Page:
The confusion surrounding the mysterious death of Argentinian prosecutor Alberto Nisman continues to deepen as a second test released yesterday revealed that that no gunpowder was found on his hands – once again leading many to theorize that the 51-year-old lawyer could have been murdered to cover-up his knowledge of the 1994 bombing a Buenos Aires Jewish center.
Nisman was found shot to death in his bathroom on Jan. 18. The discovery came shortly before he was to appear in Congress to detail his allegations that President Cristina Fernández helped Iran cover up the bombing, which killed 85. Fernández and Iran deny the accusations.
Lead investigator Viviana Fein’s secretary, Bernardo Chirichella, traveled to Salta on Monday, where the test on Nisman’s hand was carried out. It found no gun residue on Nisman’s hands. Some have speculated that this fact can be explained because the .22-calibre Bersa pistol that killed the prosecutor was a small gun that sometimes does not leave traces of gunpowder.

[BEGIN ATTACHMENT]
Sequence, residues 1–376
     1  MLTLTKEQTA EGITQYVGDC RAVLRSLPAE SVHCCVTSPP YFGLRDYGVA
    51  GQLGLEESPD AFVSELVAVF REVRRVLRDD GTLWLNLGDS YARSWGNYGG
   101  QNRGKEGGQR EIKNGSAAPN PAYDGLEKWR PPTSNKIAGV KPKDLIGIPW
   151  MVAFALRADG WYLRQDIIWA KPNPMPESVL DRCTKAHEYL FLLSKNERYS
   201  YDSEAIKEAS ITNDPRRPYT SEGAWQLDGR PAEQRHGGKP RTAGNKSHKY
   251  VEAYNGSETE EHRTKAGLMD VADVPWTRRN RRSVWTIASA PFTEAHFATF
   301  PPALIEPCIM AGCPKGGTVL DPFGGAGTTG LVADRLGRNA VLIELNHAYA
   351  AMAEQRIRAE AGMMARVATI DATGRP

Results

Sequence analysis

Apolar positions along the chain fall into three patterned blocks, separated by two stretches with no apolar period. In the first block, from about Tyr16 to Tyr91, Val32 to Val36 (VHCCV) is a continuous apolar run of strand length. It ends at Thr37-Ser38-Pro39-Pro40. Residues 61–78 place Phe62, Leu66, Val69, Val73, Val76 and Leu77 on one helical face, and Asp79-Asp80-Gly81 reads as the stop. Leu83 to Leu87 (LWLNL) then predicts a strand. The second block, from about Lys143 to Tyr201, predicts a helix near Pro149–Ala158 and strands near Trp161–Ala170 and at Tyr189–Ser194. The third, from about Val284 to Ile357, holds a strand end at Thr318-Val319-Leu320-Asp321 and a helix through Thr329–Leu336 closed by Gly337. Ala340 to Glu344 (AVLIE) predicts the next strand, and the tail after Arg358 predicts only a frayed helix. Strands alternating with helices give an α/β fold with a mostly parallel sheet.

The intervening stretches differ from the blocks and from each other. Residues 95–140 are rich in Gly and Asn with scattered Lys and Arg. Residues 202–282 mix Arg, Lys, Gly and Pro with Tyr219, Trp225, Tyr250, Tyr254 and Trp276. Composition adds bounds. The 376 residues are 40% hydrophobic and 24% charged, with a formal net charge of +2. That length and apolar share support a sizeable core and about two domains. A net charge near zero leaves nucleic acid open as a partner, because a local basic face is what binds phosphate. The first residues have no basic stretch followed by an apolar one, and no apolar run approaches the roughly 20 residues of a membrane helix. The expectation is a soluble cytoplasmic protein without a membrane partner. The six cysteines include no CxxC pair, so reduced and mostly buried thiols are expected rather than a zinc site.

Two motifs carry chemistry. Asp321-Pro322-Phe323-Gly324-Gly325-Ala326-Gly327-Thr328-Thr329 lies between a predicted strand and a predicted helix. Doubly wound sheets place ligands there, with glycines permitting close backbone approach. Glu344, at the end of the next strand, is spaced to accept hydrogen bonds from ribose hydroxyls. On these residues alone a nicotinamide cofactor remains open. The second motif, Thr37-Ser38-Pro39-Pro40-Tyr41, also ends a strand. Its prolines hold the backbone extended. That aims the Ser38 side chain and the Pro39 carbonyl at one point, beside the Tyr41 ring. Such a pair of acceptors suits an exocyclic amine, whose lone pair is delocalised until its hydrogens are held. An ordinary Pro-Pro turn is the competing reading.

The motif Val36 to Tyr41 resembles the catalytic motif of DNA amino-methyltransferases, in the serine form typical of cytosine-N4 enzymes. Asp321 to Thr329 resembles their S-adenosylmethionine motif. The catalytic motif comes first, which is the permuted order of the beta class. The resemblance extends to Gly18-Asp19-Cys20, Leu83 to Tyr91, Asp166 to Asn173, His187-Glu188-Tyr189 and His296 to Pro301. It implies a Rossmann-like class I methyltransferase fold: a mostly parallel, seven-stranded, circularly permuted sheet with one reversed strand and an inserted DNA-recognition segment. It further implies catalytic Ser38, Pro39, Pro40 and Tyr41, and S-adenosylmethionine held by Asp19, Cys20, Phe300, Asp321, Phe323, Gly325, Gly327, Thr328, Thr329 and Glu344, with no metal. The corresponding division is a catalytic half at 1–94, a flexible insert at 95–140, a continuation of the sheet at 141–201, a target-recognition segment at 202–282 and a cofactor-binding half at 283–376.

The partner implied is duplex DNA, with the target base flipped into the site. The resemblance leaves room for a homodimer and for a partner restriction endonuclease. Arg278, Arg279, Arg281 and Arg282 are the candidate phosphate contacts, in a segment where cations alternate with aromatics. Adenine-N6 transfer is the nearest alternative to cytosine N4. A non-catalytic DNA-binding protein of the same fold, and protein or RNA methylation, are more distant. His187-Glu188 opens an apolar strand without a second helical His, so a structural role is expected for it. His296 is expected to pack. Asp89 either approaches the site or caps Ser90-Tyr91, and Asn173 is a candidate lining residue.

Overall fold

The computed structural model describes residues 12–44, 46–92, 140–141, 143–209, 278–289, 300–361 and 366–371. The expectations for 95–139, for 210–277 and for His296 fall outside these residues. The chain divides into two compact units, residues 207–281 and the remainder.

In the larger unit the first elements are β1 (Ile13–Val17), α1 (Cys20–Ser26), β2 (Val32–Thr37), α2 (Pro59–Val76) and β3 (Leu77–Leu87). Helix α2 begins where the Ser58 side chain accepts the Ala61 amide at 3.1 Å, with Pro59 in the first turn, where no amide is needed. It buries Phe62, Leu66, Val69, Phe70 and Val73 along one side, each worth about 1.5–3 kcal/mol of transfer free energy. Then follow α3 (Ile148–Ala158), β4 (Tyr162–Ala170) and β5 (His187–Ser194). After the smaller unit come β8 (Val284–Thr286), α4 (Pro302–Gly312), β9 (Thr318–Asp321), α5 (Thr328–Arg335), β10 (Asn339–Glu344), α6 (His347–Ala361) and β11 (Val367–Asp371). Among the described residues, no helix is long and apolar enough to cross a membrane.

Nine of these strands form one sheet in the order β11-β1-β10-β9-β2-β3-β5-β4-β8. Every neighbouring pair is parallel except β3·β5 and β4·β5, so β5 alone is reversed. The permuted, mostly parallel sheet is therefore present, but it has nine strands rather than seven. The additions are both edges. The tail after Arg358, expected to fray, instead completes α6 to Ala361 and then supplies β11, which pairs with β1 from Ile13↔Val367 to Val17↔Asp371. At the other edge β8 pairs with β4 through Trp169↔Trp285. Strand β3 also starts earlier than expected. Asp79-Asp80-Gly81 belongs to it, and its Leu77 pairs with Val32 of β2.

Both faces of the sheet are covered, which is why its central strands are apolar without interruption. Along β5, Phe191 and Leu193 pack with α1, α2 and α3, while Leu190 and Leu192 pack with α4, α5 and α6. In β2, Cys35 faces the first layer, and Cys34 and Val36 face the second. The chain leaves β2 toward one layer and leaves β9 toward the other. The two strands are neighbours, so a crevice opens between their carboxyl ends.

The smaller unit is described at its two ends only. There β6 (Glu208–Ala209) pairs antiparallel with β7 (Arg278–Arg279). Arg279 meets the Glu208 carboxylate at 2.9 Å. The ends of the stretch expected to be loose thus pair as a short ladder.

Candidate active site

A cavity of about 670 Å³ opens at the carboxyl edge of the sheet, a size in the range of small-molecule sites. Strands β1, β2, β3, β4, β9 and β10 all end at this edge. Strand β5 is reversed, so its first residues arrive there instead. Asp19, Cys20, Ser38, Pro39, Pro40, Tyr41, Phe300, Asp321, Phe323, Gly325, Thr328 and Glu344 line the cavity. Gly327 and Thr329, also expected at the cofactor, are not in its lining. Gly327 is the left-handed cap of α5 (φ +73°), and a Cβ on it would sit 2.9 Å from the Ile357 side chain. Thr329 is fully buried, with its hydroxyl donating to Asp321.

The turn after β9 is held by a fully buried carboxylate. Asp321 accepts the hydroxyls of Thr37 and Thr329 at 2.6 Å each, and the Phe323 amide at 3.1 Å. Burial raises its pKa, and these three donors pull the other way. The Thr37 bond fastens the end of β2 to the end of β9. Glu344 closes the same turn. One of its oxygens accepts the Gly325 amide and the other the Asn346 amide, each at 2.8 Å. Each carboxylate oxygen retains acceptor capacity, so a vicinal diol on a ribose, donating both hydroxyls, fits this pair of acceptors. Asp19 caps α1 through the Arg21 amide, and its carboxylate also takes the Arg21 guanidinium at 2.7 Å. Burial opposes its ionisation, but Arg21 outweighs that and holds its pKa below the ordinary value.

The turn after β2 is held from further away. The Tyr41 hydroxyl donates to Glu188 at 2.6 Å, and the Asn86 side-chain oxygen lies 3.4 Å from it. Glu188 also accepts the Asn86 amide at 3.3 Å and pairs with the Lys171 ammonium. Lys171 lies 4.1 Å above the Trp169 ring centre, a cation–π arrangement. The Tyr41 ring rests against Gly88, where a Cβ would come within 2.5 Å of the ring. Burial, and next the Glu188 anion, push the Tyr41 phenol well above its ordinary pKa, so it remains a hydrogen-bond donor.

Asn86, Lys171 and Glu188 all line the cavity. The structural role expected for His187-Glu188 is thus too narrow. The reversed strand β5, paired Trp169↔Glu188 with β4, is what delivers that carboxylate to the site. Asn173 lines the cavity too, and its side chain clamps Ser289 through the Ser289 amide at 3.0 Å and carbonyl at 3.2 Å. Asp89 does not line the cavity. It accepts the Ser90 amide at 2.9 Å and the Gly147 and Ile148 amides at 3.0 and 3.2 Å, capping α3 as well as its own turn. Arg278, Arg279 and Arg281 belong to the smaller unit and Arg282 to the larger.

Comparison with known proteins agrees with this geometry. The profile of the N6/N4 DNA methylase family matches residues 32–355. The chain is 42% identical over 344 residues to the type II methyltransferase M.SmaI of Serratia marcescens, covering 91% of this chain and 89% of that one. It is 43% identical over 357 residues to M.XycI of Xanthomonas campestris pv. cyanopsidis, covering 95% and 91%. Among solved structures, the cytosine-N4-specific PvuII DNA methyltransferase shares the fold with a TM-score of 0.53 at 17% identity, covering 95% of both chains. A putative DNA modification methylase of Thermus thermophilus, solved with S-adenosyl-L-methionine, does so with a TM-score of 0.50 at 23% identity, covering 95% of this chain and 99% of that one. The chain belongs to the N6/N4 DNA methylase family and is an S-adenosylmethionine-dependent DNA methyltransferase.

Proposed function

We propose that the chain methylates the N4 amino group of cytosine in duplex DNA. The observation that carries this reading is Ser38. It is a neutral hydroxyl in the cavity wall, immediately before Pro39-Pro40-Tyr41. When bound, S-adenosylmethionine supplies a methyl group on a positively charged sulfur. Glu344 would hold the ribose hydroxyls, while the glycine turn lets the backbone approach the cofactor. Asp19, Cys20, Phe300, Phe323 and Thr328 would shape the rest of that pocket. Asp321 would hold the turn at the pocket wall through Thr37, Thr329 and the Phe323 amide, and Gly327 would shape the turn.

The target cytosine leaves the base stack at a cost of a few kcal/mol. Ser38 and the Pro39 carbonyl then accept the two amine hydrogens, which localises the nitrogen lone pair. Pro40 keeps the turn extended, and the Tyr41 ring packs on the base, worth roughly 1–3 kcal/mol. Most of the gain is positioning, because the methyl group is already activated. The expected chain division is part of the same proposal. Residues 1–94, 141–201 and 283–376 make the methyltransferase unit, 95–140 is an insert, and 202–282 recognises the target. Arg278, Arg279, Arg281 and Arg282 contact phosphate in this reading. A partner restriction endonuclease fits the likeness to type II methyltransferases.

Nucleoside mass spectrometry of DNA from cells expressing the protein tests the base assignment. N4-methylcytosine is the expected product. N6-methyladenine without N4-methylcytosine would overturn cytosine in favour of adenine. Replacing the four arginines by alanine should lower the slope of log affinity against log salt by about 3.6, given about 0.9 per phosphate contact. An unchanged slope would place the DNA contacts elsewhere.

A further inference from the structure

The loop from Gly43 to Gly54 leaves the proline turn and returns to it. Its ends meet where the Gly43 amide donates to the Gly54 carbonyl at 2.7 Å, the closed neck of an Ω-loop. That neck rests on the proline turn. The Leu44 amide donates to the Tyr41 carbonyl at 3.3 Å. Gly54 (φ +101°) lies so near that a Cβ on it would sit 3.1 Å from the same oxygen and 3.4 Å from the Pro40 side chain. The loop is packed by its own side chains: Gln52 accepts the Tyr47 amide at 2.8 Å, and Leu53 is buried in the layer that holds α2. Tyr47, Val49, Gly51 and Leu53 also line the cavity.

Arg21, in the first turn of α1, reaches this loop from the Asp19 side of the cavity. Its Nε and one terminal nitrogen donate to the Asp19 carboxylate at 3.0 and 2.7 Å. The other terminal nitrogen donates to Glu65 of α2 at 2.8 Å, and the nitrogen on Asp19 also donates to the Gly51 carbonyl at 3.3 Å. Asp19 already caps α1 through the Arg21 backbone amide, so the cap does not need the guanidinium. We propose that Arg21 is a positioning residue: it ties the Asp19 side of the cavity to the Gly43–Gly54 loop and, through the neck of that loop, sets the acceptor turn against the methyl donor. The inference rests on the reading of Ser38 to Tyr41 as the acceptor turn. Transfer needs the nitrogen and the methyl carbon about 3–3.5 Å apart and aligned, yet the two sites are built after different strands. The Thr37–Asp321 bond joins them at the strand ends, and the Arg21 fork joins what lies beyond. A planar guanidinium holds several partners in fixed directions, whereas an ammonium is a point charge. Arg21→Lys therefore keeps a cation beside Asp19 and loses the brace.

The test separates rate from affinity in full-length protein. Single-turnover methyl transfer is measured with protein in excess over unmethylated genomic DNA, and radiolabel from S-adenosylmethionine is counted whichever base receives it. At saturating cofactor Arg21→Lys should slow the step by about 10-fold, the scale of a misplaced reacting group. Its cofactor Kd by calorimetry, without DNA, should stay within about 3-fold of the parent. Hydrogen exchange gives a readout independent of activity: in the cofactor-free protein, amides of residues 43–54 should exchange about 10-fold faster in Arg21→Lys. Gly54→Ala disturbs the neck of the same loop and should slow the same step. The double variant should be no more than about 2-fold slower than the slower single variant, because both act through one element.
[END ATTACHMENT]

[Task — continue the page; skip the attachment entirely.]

The gunpowder announcement came on the same day that investigators announced they had found a second person's DNA in Nisman’s apartment and called in a witness to check for a match.
The statement released by the office of Judge Fabiana Palmaghini says she is calling in a person who visited Nisman the day before his body was found. She does not name him, but Nisman aide Diego Lagomarsino has acknowledged visiting Nisman on Jan. 17.
Investigators say they don't yet know if Nisman committed suicide or was killed.
Late in January, Fein said testing found traces of DNA only belonging to Nisman. She added that traces of DNA found on the pistol, its ammunition and other items from the scene "undoubtedly" matched that of Nisman.
She also said a security camera in the service elevator of his apartment building was not working and there were no cameras in its stairwell.
Supporters of Nisman have insisted the prosecutor would not have killed himself and even Fernández has said that, contrary to initial findings, his death could not have been a suicide.
Nisman had feared for his safety and 10 federal police were assigned to protect him. The officers were suspended as part of the investigation but none have been named as suspects.
The Associated Press contributed to this report.